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Brain Food | Grant Achatz

Grant Achatz could sauté shrimp, but he'd much rather atomize it. Pete Wells visits him in Chicago to preview what may be America's best new restaurant, Alinea.

PB&J

Your waiter will appear bearing a small steel contraption. Wires radiate up and out, like the skeleton of an upside-down umbrella. Snuggled into those spokes will be a small bunch of grapes, but the grapes are gone—all but two, which still cling to their denuded branch, partly visible through a lacy, paper-thin wrapping of toast. It won't look like food, exactly, but you're in a restaurant and this seems to be your first course and you're hungry, so you will pick up the whole weird mess by the stem, dangle it over your mouth, Roman emperor-style, and bite. The outside will be crisp; inside will be something juicy. A grape, of course. But there will be something else, something sticky and totally, utterly familiar. You've known this taste since before you could tie your own shoes. A peanut butter and jelly sandwich! And you will wonder: Just what kind of restaurant is this, anyway?

It's called Alinea, and when it opens in Chicago this month, I predict that it will quickly prove itself one of America's most unusual, provocative, challenging and entertaining restaurants. Also, I'll bet, one of its best.

Heirloom-Tomato Salad

I've admired Alinea's chef, Grant Achatz, since 2001, when I ate a meal he cooked shortly after taking control of his first restaurant kitchen (Trio, in Evanston, Illinois). Achatz was 27, but his technical command and self-assurance were apparent from my first course, an heirloom-tomato salad. Behind every other plate of glossy Brandywines and Cherokee Purples I'd ever been served, I could hear a chef bragging about the cool farmers he knew. All that reverence for seasonal produce got so boring after a while that I wanted to round up every heirloom-tomato salad on earth and set them all adrift on an ice floe. But Achatz didn't worship his tomatoes. He wanted to see if they could do something new. So he peeled them, chilled them so hard he nearly froze them and hustled them out of the kitchen escorted by a scoop of tomato sorbet. He'd turned the sloshy, sloppy tomato salad into something taut, rigorous and new.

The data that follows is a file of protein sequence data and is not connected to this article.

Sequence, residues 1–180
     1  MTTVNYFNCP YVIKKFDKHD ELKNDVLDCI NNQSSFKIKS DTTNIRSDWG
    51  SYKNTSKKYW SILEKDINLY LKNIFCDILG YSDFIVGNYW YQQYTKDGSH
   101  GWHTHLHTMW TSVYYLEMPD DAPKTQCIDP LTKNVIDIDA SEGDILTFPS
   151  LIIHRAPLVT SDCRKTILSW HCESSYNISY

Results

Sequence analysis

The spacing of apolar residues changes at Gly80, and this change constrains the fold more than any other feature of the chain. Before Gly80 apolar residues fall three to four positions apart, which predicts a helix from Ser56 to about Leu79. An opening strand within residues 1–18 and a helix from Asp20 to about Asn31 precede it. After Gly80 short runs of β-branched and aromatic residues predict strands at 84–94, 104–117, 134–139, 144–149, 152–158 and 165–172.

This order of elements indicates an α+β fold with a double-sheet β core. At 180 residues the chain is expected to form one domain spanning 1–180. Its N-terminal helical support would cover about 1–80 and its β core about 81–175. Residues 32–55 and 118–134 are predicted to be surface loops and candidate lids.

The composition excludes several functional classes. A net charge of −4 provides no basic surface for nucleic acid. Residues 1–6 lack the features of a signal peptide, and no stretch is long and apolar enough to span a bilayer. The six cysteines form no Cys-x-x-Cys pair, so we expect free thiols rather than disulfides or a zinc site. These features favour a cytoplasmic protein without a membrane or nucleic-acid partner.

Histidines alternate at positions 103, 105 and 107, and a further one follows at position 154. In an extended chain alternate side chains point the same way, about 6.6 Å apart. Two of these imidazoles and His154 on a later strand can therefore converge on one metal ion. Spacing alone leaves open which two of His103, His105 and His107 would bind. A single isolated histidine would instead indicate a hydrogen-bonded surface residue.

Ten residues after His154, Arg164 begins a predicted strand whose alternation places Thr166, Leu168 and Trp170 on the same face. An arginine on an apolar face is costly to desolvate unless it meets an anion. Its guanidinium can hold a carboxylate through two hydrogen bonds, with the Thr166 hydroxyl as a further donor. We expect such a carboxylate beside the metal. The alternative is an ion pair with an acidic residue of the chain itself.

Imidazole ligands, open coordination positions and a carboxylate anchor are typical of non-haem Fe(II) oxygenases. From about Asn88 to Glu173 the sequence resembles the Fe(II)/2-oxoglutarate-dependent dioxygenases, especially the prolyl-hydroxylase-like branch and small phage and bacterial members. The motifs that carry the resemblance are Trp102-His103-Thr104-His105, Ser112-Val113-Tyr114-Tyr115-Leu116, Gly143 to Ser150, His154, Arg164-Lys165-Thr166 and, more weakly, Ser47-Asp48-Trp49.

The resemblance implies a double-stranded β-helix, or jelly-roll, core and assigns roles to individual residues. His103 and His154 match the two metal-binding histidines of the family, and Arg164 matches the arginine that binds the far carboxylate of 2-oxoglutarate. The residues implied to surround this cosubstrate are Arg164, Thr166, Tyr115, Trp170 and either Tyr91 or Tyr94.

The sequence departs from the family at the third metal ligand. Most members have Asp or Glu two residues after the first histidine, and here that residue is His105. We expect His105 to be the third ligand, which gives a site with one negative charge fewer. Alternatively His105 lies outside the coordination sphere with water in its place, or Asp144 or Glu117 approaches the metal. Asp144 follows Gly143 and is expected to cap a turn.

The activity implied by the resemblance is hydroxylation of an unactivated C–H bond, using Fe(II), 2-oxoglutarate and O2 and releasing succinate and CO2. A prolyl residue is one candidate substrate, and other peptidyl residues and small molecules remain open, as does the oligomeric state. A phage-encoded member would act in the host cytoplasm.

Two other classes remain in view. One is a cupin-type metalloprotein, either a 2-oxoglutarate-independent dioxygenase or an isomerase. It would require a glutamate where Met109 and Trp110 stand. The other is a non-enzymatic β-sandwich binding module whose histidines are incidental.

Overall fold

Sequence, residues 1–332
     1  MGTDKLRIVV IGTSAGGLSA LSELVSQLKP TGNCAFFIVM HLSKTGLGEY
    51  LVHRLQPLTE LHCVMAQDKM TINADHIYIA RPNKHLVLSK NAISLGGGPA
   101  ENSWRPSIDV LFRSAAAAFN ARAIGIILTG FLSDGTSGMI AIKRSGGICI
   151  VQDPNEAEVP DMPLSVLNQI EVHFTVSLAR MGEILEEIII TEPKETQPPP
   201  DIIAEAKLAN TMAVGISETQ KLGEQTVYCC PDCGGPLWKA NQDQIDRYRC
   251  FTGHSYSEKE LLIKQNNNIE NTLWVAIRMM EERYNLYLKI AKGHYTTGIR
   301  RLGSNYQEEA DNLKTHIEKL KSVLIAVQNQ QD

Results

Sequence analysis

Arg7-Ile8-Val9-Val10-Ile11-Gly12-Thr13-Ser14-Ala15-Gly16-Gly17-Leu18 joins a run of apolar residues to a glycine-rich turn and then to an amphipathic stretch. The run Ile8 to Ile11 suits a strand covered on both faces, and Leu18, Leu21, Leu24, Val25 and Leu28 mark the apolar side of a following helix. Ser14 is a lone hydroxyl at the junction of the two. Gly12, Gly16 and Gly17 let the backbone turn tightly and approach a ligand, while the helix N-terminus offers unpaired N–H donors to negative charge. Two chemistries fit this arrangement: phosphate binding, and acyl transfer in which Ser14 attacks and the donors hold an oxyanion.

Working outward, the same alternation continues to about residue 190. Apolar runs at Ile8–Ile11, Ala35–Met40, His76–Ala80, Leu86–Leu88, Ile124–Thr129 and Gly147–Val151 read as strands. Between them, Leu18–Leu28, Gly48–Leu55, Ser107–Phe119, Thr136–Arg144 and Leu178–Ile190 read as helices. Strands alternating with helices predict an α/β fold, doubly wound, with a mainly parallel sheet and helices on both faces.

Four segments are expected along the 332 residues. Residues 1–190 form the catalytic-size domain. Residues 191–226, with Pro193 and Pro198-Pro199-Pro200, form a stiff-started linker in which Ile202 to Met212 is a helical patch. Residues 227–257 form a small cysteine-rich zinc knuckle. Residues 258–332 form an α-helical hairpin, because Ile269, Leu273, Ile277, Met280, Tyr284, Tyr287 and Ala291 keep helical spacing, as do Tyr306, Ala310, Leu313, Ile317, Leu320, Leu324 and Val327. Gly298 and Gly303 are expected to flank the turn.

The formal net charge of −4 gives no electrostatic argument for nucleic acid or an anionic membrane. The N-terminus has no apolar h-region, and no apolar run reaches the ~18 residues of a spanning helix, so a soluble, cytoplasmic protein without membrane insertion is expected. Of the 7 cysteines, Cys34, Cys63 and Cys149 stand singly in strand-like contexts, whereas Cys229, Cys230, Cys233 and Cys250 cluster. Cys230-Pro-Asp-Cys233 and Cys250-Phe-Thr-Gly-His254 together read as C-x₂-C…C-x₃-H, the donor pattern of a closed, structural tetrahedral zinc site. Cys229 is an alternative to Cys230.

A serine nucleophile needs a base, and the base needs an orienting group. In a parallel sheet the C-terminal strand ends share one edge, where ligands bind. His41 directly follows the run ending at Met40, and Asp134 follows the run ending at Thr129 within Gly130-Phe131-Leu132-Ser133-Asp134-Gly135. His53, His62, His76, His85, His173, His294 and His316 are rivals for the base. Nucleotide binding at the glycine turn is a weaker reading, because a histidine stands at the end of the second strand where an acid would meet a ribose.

What I didn't know at the time was that Achatz wasn't finished with the tomato salad. He's never finished with anything. Any ingredient that strays into his kitchen is examined, poked, prodded, stretched, reshaped, transubstantiated. Herbs are turned into gas, fruit is turned into paper, pizza is stripped of crunch and chew until it's nothing but pure flavor. By tomato season in 2003, Achatz had figured out how to blow bubbles out of mozzarella and trap tomato foam inside them. The search for tools that enable such culinary makeovers has led Achatz and his cooks to laboratory-equipment manufacturers, snack-food conventions and the corner hardware store.